Posted on 12 April 2017
Nik Gunn, Katherine Rich and Timothy Rowbotham, from the Department of English and Related Literature, and Harriet Evans, from the Centre for Medieval Studies, provided the voices of the characters and Nik also trained members of staff at the Centre in how to speak basic phrases in Old Norse and Anglo Saxon to help engage visitors with the ancestor of modern Scandinavian languages.
The team write here about why it is important to remind people of their linguistic past:
“[And in the days of King Beorhtric] the first three ships of Northmen came and the reeve rode to them and wanted to direct them to the King’s town, for he did not know who they were, but they slew him. Those were the first ships of Danish men which sought the land of the English people.”
"In typically laconic style the Anglo-Saxon Chronicle entry for the year 787announces the abrupt, bloody emergence of the Vikings onto the pages of English history. The term the Chronicler uses to describe them - the word denisc - is often translated as ‘Danish’, but in Old English this word applied to all the peoples of Scandinavia who spoke the language known today as Old Norse.
Over a period of three hundred years, Old Norse speakers raided, traded, and settled in the British Isles, leaving a lasting impact on the English language. Many common words we use today - they, sky, anger, happy, knife - were taken from the Old Norse speakers who made their lives in the area known as the Danelaw, that arc of land stretching from Cumbria, down through Yorkshire and the East Midlands, and into East Anglia.
Evidence of Scandinavian settlers, and the language they brought with them, may also be seen in many place-names in these regions: the common element -by in places like Whitby and Corby, for example, is derived from the Old Norse word for a farm. York itself is the modern incarnation of the Viking name Jórvík, which was a ‘Scandinavianized’ form of the Anglo-Saxon name for the town, Eoforwīc. Many of York’s streets, such as Micklegate and Stonegate, also display Norse influence through the presence of the word gata, meaning “street.”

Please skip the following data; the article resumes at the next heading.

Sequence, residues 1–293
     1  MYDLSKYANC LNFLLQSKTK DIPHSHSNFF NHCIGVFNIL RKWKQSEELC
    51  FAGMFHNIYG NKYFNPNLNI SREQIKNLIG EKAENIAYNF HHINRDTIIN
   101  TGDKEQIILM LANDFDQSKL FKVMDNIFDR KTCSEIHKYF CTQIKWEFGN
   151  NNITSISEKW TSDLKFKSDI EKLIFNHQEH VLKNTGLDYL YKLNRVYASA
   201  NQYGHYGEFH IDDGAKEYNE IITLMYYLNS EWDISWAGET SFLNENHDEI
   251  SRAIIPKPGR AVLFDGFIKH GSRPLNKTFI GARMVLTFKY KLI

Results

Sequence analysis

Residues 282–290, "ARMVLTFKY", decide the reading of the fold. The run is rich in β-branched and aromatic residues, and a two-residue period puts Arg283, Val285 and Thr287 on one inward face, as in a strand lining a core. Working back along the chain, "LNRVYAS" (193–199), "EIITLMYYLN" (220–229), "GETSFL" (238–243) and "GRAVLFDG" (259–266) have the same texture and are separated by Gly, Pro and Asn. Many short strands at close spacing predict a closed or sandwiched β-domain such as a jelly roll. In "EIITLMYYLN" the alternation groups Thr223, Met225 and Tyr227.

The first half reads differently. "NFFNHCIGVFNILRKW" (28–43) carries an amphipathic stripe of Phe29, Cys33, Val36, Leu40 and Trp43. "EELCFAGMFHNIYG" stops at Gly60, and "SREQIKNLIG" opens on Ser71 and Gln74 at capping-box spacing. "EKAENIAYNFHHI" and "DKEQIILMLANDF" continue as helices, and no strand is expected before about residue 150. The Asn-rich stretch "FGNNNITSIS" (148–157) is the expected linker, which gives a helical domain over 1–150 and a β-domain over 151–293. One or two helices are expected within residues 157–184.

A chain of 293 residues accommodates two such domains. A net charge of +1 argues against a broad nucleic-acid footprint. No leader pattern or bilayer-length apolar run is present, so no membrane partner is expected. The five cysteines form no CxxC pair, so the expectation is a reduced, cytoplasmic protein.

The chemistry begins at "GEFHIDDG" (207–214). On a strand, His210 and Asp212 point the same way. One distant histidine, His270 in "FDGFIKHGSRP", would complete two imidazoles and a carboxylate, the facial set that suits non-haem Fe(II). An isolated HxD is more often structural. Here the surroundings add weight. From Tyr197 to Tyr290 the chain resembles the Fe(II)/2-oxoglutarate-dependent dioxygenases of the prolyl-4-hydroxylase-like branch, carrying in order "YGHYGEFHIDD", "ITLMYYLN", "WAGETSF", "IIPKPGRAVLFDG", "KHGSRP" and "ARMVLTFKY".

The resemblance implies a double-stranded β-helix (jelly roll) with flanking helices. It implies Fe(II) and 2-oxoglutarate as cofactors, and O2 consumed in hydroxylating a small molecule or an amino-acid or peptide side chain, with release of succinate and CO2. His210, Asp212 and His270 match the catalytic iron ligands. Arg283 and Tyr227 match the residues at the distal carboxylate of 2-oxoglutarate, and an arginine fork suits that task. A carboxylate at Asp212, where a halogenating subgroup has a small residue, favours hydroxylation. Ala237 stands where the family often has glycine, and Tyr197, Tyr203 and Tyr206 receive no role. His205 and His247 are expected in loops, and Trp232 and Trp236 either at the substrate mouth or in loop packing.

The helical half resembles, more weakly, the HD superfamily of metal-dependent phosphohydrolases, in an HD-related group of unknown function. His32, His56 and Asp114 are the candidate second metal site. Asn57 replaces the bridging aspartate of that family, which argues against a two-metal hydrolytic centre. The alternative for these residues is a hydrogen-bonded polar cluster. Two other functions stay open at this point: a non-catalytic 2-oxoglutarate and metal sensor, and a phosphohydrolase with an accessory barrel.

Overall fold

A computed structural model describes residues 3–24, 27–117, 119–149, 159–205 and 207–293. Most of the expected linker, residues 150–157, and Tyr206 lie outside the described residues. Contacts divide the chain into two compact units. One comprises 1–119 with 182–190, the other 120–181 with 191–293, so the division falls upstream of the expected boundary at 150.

Old Norse is an interesting and important part of our own linguistic history, but by reading the language we also gain access to a wealth of unique and exciting medieval literature. After Iceland converted to Christianity, around the year 1000, Icelandic writers copied and composed texts in the Latin language of the Church, but soon adapted the Roman alphabet to write down the vernacular language that they spoke, recording and producing poetry and sagas that are still enjoyed today.
Perhaps the most well-known and well-loved literature of medieval Iceland are the Íslendingasǫgur, or Sagas of Icelanders, which tell of the families that settled in Iceland in the ninth, tenth, and eleventh centuries. Theses sagas provided thirteenth-century Icelanders with their own local and family histories, but also explore the human condition through their compelling stories of blood-feud, outlawry, and love affairs.
The timeless quality of these narratives means that Old Norse literature has been a rich source of inspiration for modern authors and artists. J.R.R. Tolkien was a philological scholar by trade, and his deep love of Old Norse and Anglo-Saxon literature informed his literary endeavours: the names of Gandalf and the dwarves from The Hobbit (1937), for example, are all taken directly from the mythological creation poem Vǫluspá.
As well as informing the blockbuster pop-culture of Marvel’s Thor or the video game Skyrim, Old Norse literature has been used to more critical ends. Seamus Heaney’s poetry collection North (1975) drew parallels between the feuding saga societies of Viking Age Iceland and the tensions of his native Ulster.
More recently, Neil Gaiman’s fantastical road-trip, American Gods (2001), or the sparkling prose-poetry of A.S. Byatt’s Ragnarok (2011), utilise Norse myth to comment on the tectonic environmental and social changes sweeping the modern world. Old Norse language itself has even found its way into the mainstream, with the glossy TV-drama Vikings making a welcome effort to incorporate original languages into its dialogue during moments of tension at the meeting of different cultures.
The sound of spoken medieval languages, including Old Norse, can help to give an immersive feel to popular depictions of the past, but it is not only in fictional works that we encounter the sounds of the Viking Age. Audio experiences, informed by leading scholars and the latest research, are now becoming a part of the way that we represent the past in museums and galleries, and spoken Old Norse has been used both in the Jorvik Viking Centre, with its Old Norse-speaking animatronic figures introduced in 2010, and the British Museum (2014) Vikings: life and legend exhibition.
Use of the spoken word in exhibitions, and in particular, use of conversational recordings, confronts the visitor with the spoken languages of the past. As opposed to soundtracks of crackling fires, or birdsong that are sometimes used to create immersive exhibitions, use of spoken language encourages visitors to consider the interactive nature of everyday life in the past. Such recordings play a key role in presenting a more holistic view of the past as a living, breathing place: a place in which people had ordinary conversations, and sounded not so different from how we sound today."
The JORVIK Viking Centre is open the public daily from the 8th April 2017.